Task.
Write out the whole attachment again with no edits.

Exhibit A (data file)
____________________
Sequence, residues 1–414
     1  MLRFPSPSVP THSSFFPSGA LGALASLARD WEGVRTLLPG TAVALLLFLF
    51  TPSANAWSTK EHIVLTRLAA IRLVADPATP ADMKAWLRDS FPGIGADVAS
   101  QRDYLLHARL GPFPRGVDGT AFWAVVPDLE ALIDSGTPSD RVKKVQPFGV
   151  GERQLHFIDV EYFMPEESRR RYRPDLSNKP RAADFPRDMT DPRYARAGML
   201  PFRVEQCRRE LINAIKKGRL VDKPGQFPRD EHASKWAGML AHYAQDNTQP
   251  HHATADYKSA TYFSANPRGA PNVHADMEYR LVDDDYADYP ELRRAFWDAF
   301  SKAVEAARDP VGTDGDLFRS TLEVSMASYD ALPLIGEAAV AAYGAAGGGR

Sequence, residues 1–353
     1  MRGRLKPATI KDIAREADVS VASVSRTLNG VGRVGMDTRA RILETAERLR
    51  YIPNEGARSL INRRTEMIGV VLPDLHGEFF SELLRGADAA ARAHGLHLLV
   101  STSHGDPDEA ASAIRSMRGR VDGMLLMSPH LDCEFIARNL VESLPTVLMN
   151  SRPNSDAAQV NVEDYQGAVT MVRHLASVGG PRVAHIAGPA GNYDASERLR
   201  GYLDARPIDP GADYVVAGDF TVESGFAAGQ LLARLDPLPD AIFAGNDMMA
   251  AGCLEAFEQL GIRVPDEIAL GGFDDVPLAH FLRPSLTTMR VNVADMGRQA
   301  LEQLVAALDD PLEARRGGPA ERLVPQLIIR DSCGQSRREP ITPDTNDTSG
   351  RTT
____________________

Sequence, residues 1–414
     1  MLRFPSPSVP THSSFFPSGA LGALASLARD WEGVRTLLPG TAVALLLFLF
    51  TPSANAWSTK EHIVLTRLAA IRLVADPATP ADMKAWLRDS FPGIGADVAS
   101  QRDYLLHARL GPFPRGVDGT AFWAVVPDLE ALIDSGTPSD RVKKVQPFGV
   151  GERQLHFIDV EYFMPEESRR RYRPDLSNKP RAADFPRDMT DPRYARAGML
   201  PFRVEQCRRE LINAIKKGRL VDKPGQFPRD EHASKWAGML AHYAQDNTQP
   251  HHATADYKSA TYFSANPRGA PNVHADMEYR LVDDDYADYP ELRRAFWDAF
   301  SKAVEAARDP VGTDGDLFRS TLEVSMASYD ALPLIGEAAV AAYGAAGGGR

Sequence, residues 1–353
     1  MRGRLKPATI KDIAREADVS VASVSRTLNG VGRVGMDTRA RILETAERLR
    51  YIPNEGARSL INRRTEMIGV VLPDLHGEFF SELLRGADAA ARAHGLHLLV
   101  STSHGDPDEA ASAIRSMRGR VDGMLLMSPH LDCEFIARNL VESLPTVLMN
   151  SRPNSDAAQV NVEDYQGAVT MVRHLASVGG PRVAHIAGPA GNYDASERLR
   201  GYLDARPIDP GADYVVAGDF TVESGFAAGQ LLARLDPLPD AIFAGNDMMA
   251  AGCLEAFEQL GIRVPDEIAL GGFDDVPLAH FLRPSLTTMR VNVADMGRQA
   301  LEQLVAALDD PLEARRGGPA ERLVPQLIIR DSCGQSRREP ITPDTNDTSG
   351  RTT